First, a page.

From the outset, it's clear he needs some sort of challenge that takes him outside of normality as normality pains him. This pitches him as an interesting character. In fact, one very strong facet of the book is character development. The author does a good job of bringing the reader very close up and personal with all the central characters by detailing very intimate details of their lifes, the sort of stuff only a very close friend would tell you. This makes both the characters and the story engaging.

The sexual saturation is boring at times, but overall the story's strong point besides character development is the subtle posing of some philosophical questions.

The book is certainly not the norm, if you're feeling in the mood for something different and are not easily offended, you might like it.
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1 of 1 people found the following review helpful
3.0 out of 5 stars Better than Atomised?, 23 Feb 2008
By 
J. Dance "Konrad Jansma" (Newcastle, UK) - See all my reviews
(REAL NAME)   
This review is from: Platform (Paperback)
Again much relevant comment is already available on Amazon and the leading reviews are reasonably pertinent. But I see nothing very much in Platform to enhance Houellebecq's "Great Writer" status. I fail to see where Anita Brookner - herself a fine and impeccable stylist- finds "brilliance". However, it is a much better book than Atomised (incidently the original title translates as Elementary Particles which makes much more sense of the actual content); Houellebecq is perhaps learning the writer's craft. He certainly followed my recommendation and developed his bent for comedy. In its way its quite a funny book. But that way is the way of darkness - it is a comedy in the same way as Dante's Inferno is a comedy! (Ok - I do know that its not really a legitimate comparison but I think folk will see what I'm getting at). The main ostensible subject is "Sex Tourism" - which is interesting, though hardly titillating the way Houellebecq tells it. The book is often billed as controvertial because it is seen as a defence of this activity. But there is, as one would expect given Houellebecq's philosophical antecedents, a deep ambivalence. Most people, I guess, having been informed, amused and having secretly experienced a little "frisson", would reject the whole idea with disgust. It seems at least arguable that this may be the writer's intention. In conclusion I feel this is a book worth reading and, as a result of reading it, I may well go on to read his next one.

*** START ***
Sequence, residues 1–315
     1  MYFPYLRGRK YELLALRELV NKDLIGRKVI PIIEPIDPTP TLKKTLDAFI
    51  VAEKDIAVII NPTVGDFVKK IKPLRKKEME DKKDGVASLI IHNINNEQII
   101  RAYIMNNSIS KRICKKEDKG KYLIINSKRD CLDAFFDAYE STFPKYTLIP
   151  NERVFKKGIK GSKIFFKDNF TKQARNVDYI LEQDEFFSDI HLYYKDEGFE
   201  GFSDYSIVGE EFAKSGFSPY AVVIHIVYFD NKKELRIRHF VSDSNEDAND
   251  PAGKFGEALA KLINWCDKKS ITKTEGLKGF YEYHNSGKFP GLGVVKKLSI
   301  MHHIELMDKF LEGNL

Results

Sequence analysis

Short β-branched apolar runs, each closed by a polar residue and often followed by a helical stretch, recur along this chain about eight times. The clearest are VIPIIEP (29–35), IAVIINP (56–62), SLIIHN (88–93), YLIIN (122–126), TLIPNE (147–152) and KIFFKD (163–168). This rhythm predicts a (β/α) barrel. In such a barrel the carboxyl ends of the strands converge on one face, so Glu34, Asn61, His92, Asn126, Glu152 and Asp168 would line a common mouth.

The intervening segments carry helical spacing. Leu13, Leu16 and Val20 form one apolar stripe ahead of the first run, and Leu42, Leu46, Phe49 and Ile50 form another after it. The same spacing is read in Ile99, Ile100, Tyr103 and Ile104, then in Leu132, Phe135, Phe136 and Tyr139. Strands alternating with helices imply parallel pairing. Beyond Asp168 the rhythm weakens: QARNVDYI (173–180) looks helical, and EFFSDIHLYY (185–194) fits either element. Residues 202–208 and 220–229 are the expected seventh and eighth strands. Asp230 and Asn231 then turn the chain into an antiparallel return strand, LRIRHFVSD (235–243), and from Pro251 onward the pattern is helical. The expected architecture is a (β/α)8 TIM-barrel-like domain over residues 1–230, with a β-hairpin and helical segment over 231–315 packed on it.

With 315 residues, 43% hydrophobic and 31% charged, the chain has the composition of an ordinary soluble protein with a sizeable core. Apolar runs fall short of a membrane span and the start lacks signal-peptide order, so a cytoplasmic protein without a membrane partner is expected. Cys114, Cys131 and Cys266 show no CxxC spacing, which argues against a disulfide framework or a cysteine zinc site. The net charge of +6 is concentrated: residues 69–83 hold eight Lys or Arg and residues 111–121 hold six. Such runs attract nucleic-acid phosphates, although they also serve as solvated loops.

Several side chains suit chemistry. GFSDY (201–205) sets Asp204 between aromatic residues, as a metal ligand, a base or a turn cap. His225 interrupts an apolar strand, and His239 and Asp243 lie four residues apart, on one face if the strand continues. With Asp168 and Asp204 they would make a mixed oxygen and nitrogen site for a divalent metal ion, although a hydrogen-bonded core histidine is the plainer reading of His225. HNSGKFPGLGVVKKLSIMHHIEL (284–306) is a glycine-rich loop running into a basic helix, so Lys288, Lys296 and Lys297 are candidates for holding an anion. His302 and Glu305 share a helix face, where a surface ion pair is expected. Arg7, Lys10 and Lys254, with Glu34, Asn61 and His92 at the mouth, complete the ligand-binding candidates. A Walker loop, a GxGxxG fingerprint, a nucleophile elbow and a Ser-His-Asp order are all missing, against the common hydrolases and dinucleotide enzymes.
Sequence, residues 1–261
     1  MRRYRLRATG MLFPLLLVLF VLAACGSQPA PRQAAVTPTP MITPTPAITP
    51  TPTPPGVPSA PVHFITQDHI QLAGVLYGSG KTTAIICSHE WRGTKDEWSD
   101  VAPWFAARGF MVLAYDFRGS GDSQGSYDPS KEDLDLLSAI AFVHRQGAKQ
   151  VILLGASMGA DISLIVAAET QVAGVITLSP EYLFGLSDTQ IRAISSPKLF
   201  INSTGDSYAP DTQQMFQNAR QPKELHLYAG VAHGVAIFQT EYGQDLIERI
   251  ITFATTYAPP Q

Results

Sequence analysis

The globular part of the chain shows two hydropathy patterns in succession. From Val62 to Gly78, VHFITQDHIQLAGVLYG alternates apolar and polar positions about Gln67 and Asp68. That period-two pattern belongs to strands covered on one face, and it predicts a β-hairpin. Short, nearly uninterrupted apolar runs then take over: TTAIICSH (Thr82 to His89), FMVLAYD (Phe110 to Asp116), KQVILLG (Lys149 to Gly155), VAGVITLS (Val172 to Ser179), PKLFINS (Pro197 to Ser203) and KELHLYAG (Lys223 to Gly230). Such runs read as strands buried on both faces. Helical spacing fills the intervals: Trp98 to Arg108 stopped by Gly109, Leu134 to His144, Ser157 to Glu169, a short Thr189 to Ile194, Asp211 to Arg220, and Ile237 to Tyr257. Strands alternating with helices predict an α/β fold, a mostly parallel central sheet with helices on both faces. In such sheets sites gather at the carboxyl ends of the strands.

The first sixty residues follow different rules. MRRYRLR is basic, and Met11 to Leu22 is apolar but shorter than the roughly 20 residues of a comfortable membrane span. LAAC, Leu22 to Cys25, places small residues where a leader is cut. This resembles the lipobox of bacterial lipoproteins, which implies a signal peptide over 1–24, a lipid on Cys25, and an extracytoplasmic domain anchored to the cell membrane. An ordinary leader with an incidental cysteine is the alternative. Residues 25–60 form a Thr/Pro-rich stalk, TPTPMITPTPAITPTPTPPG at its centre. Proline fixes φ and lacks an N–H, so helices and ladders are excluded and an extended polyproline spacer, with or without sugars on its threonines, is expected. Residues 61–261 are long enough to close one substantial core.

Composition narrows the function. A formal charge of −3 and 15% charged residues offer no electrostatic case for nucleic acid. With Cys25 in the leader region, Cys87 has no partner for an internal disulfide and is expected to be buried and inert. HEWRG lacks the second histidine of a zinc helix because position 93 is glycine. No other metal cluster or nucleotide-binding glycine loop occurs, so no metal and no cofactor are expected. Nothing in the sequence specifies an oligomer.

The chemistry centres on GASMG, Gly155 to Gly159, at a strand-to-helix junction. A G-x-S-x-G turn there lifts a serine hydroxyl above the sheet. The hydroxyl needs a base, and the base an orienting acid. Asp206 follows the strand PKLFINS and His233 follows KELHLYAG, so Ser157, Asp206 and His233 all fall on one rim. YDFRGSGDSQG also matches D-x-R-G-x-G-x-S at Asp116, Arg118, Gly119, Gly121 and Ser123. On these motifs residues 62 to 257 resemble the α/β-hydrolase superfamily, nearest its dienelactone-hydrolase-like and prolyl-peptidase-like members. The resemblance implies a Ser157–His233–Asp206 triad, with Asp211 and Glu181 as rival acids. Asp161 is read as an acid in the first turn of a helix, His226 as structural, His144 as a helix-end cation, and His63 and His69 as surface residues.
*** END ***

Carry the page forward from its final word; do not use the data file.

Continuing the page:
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7 of 8 people found the following review helpful
3.0 out of 5 stars Not as shocking as Atomised but still very good, 7 Oct 2003
By A Customer
This review is from: Platform (Paperback)
This book does not have the visceral power to shock and move of Atomised had there is no sign that the author intended it to. It is a clinical analysis of what has gone wrong with our personal relationships in the West and, from that point of view, deeply sad. The narrative's internal logic draws the reader in so that, by the time the narrator's, and reader's world, is shattered at the end of the book it comes as a shock to remember that the moral structure of the narrator's life would be repugnant to a religious fundamentalist of any hue. I wonder, in fact, if this book is his comment on September 11th, or, more generally, the clash of civilisations, as Huntingdon termed it. More specifically, perhaps we are all forgetting the Bali bombing in which Muslim fundamentalists targetted a symbol of the sort of lifestyle that H describes, in a similar location to the Thailand of the book.
Anyone who has friends between the ages of thirty and fifty will surely recognise the predicament of the characters in the book with regard to personal and sexual relationships. H also uses sexuality as a metaphor for pleasure and the pursuit of happiness in general in a world where evrything has been given an economic value and been marketed accordingly.
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1 of 1 people found the following review helpful
3.0 out of 5 stars A lightweight hero for the professional classes?, 4 April 2011